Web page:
Apple’s ‘Find my’ app helps bust sex trafficker

Apple’s ‘Find my’ app has helped to bust an alleged sex trafficker. A New Orleans man is accused of prostituting his girlfriend in a number of U.S. states and forcing her to drug and rob men, including one who died. Randy Jonal Schenck and Dominique Berry were arrested at a Georgia hotel after a victim — from whom a safe, a Jeep Grand Cherokee, multiple smartphones, and a laptop computer had been stolen — used Apple’s “Find My” app which located one of his phones there, the Associated Press reports.

Apple's 'Find my' app helps bust sex trafficker
Apple’s ‘Find my’ app

Earlier this month, U.S. Attorney Peter G. Strasser announced that Schenck (a/k/a RuRu, a/k/a “Shaq”), age 38, a resident of New Orleans, Louisiana, was charged on February 7, 2020 by a federal grand jury in a 12-count Indictment with interstate transportation and use of an interstate facility with intent to carry on unlawful activity, wire fraud, sex trafficking by force, fraud, and coercion, transportation of an individual to engage in prostitution, and aggravated identity theft.

According to the Indictment, Schenck met Berry in New Orleans in about early 2013 and soon developed a romantic relationship. Thereafter, Berry began working for an escort agency under Schecnk’s supervision, often engaging in prostitution activities. Schenck and Berry travelled nationally engaging in their prostitution scheme, including California, Louisiana, New Mexico, Texas, Arizona, Tennessee, and Georgia. Schenck and Berry posted advertisements containing photographs of Berry on multiple location-specific online classified ad service websites and social media applications that invited interested individuals to contact Berry to schedule sexual interactions, many of which were explicitly commercial. In the advertisements, Berry had multiple aliases, including “Desiree Knowles,” “Jasmine Collins,” and “Stephanie.”

As part of the scheme, Schenck caused Berry to arrange “out call” dates with customers at their residences. Once there, at Schenck’s direction, Berry spiked the beverages of customers, causing them to become incapacitated. Once unconscious, Schenck and Berry would steal the victims’ valuables. Schenck threatened, slapped, struck, beat, and choked Berry for the purpose of establishing dominion over her, controlling her behavior, and ensuring her compliance with his instructions. These aggressive acts usually occurred when Schenck believed Berry was not performing her role effectively, was not stealing enough, was not inclined to work, or tried to leave Schenck.

Between at least late 2013 and September 2017, Schenck and Berry implemented the scheme numerous times throughout the United States, including in California, Arizona, New Mexico, Texas, Louisiana, and Georgia. Schenck and Berry were arrested at a hotel in Sandy Springs, Georgia, on September 13, 2017. When law enforcement authorities found Berry at the hotel, she was bleeding from her nose, had a swollen lip and puncture consistent with her teeth biting through her lip, and black electrical tape around one of her arms.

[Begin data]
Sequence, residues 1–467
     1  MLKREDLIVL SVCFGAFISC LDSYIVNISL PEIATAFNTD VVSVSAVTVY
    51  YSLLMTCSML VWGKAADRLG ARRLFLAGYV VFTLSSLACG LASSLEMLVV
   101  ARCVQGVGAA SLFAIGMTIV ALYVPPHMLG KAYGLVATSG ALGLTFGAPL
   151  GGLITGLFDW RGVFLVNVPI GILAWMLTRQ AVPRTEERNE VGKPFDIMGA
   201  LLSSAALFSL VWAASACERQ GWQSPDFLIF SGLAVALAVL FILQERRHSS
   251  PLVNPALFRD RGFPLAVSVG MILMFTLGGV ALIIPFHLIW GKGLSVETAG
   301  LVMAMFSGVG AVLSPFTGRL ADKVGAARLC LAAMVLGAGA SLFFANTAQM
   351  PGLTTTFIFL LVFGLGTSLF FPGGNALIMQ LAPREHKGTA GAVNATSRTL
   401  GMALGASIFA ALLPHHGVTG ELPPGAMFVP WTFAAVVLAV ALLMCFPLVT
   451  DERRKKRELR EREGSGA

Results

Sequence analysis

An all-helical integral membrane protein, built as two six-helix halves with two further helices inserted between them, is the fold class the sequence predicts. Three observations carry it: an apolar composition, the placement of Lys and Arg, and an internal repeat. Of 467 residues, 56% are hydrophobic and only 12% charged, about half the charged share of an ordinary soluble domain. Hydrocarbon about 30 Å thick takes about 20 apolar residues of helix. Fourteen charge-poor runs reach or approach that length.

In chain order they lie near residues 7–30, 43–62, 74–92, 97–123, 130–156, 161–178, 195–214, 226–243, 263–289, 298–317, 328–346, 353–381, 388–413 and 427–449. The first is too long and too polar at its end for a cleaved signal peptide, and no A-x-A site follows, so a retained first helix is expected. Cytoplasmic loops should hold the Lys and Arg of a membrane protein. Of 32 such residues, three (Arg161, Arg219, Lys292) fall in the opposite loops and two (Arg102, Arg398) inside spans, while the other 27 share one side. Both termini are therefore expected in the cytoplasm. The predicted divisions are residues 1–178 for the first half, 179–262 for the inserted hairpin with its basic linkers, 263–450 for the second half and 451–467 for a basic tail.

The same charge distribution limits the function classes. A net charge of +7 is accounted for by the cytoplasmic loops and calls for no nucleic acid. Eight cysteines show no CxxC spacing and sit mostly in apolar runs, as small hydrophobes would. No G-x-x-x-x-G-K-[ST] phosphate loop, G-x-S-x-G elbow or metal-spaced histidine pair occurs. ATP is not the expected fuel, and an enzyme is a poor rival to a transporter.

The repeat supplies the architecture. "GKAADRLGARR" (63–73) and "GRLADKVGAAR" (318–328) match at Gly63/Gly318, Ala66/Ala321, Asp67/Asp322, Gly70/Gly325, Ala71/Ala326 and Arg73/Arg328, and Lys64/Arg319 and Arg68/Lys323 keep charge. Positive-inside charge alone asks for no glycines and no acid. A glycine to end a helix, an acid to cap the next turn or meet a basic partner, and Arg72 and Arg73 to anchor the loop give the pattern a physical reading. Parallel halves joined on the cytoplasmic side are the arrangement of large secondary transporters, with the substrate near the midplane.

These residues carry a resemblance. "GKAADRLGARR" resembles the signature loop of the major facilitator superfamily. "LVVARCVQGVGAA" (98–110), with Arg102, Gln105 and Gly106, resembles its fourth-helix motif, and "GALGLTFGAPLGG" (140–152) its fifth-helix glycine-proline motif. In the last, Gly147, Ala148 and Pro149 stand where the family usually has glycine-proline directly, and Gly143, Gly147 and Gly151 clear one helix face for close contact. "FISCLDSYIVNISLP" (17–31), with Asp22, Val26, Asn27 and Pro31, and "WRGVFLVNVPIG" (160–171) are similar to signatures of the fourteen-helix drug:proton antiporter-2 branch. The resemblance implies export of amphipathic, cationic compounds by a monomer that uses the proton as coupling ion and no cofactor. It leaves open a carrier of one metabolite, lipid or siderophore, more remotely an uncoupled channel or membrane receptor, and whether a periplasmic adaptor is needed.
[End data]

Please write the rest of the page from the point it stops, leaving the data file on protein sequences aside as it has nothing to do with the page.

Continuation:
According to the Indictment, on about February 24, 2017, Berry met S.A., a resident of Metairie, Louisiana, through a social media application. After exchanging text messages and phone calls, Berry and S.A. agreed to meet at S.A.’s apartment. Thereafter, Schenck dropped Berry off at S.A.’s apartment. While at S.A.’s apartment, Berry placed drugs designed to incapacitate S.A., including multiple anti-psychotic medications, into S.A.’s beverages without his knowledge or authorization. After S.A. lost consciousness, Schenck and Berry stole S.A.’s valuables. On February 25, 2017, Schenck and Berry used S.A.’s debit card to make multiple purchases in the New Orleans area. Additionally, on February 25, 2017, detectives with the Jefferson Parish Sheriff’s Office responded to a wellness check at S.A.’s residence and discovered his dead body. Toxicology tests found the presence of anti-psychotic medications in S.A.’s body and determined that they contributed to his death.

If convicted, Schenck faces a mandatory minimum of fifteen (15) years in prison up to maximum term of life in prison, a fine of up to $250,000.00, up to a lifetime of supervised release after imprisonment, and a mandatory $100 special assessment per count. Schenck may also be required to register as a sex offender.

U. S. Attorney Strasser reiterated that an indictment is merely a charge and that the guilt of the defendant must be proven beyond a reasonable doubt.

U.S. Attorney Strasser praised the work of the Federal Bureau of Investigation in investigating this matter and expressed appreciation for the support provided by the Jefferson Parish District Attorney’s Office and the Jefferson Parish Sheriff’s Office. Assistant United States Attorneys Jordan Ginsberg, supervisor of the Public Corruption Unit, and Elizabeth Privitera, supervisor of the Violent Crime Unit, are in charge of the prosecution.

Source: Department of Justice, U.S. Attorney’s Office, Eastern District of Louisiana

MacDailyNews Note: If you believe you are a victim of these criminal activities, please contact the FBI at 1-800-CALL-FBI (800-225-5324), and reference this case.

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